With many consumers stuck at home, demand for entertainment is at an all-time high:
What are industry experts saying?
Here’s what advertising industry experts have to say about the pandemic and its effect on businesses.
Natalie Barreda, T-Mobile
In the short term, I think the uncertainty about how to move forward is going to cause marketers to spend a lot of time doing contingency planning. On a similar note, consumer behavior is different right now than it would normally be; we’re already hearing about the impacts on the travel and hospitality industry.
I think these industries are going to have to find ways to encourage consumers to think past this current situation, into a hopefully COVID-19 free world.
Frederick Vallaeys, Optmyzr
If we come to a point where we must avoid stores or other public places, it could boost ecommerce, especially for CPG, and those purchases we can’t postpone by a few weeks. That would, of course, have a big impact on digital marketers who could compete for the purchases of consumers who are not frequent online shoppers.
Tony Verre, The Integer Group
What I see as short-to-mid range impacts (1 – 4 months) for ecommerce specifically — we’re already starting to see it across major marketplaces like Amazon — is a massive increase in online orders as people avoid person-to-person contact of in-store retail. Not only for disinfectant and cleaning supplies but all goods and services: grocery delivery, everyday item delivery, etc.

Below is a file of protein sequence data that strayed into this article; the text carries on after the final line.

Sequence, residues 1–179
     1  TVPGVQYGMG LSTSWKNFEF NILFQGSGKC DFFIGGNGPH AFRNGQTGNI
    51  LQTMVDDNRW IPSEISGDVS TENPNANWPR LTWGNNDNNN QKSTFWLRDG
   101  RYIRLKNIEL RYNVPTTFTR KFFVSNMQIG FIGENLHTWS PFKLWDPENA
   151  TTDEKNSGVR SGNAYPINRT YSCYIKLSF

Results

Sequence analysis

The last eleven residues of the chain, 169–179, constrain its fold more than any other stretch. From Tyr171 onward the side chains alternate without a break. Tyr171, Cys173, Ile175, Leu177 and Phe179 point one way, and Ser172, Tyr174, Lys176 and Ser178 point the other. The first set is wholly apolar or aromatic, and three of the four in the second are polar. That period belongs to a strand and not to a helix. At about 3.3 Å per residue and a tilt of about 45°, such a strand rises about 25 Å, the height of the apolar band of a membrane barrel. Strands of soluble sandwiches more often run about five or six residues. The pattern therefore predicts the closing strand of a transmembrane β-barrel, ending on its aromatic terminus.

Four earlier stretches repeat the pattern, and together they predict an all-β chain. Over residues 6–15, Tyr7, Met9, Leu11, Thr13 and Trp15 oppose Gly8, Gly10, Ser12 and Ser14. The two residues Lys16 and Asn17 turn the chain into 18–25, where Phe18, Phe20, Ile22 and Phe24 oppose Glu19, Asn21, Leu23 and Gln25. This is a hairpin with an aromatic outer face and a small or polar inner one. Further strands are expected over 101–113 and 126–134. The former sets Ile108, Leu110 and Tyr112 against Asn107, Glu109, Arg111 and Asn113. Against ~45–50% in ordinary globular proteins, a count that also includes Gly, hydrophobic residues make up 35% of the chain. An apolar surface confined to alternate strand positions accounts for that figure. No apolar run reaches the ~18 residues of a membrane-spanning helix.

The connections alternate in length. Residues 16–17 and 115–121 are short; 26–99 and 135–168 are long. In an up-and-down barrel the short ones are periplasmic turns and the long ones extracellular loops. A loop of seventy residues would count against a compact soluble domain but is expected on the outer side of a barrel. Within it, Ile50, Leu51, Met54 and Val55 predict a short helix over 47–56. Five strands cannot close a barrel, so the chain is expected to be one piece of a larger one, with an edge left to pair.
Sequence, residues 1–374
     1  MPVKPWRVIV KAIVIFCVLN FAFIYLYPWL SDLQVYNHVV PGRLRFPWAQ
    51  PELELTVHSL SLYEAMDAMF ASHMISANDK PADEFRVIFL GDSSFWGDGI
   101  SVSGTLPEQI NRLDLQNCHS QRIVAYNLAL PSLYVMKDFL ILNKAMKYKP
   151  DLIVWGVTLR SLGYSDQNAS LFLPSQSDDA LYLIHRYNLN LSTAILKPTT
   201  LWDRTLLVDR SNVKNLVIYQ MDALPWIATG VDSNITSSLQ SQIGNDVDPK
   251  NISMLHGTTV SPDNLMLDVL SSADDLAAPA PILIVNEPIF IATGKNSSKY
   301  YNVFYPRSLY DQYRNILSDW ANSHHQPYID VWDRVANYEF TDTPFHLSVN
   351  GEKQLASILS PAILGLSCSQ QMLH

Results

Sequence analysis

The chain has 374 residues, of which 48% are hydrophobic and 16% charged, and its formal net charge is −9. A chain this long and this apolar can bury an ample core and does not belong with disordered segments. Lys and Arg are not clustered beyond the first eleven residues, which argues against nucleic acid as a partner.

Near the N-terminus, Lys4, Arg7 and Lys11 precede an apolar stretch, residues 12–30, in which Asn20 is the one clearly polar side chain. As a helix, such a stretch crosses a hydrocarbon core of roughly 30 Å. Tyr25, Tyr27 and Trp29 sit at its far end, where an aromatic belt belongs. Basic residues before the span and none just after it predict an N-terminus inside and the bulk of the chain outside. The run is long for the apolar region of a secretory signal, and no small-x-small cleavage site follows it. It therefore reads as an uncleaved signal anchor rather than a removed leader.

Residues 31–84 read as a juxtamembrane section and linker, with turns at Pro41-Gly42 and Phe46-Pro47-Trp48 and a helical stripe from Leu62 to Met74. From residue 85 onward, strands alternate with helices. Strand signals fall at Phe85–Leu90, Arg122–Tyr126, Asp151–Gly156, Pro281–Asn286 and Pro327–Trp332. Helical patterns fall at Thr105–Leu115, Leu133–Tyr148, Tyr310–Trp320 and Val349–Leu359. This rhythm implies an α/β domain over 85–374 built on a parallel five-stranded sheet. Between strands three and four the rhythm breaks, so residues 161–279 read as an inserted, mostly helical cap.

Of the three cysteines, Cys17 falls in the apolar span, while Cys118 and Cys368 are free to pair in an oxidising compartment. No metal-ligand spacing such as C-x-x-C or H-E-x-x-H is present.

The long-term effect of this massive increase in online orders, in my opinion, will create stress on the logistics system that will cause both marketplaces and DTCs to renege on 1 and 2-day deliveries, and could potentially grind the system to a temporary halt as delivery windows stretch back out to pre-Prime days of 5 to 7-day windows.
Dana Tan, Under Armour
…there is definitely an impact on face to face meetings. I am also wondering what the conference scene will look like for the rest of the year. I imagine attendance may be down. And what does Coronavirus mean for ecommerce new product line releases and supply chain?
I don’t think we know the answer to that one yet. While there is certainly diversity in the industry, the Coronavirus is no longer isolated to a few countries.
Tips on how to improve your ad campaigns
Put these six tips into practice to make a positive impact on ad campaigns.
1. Don’t use “COVID-19” in your ads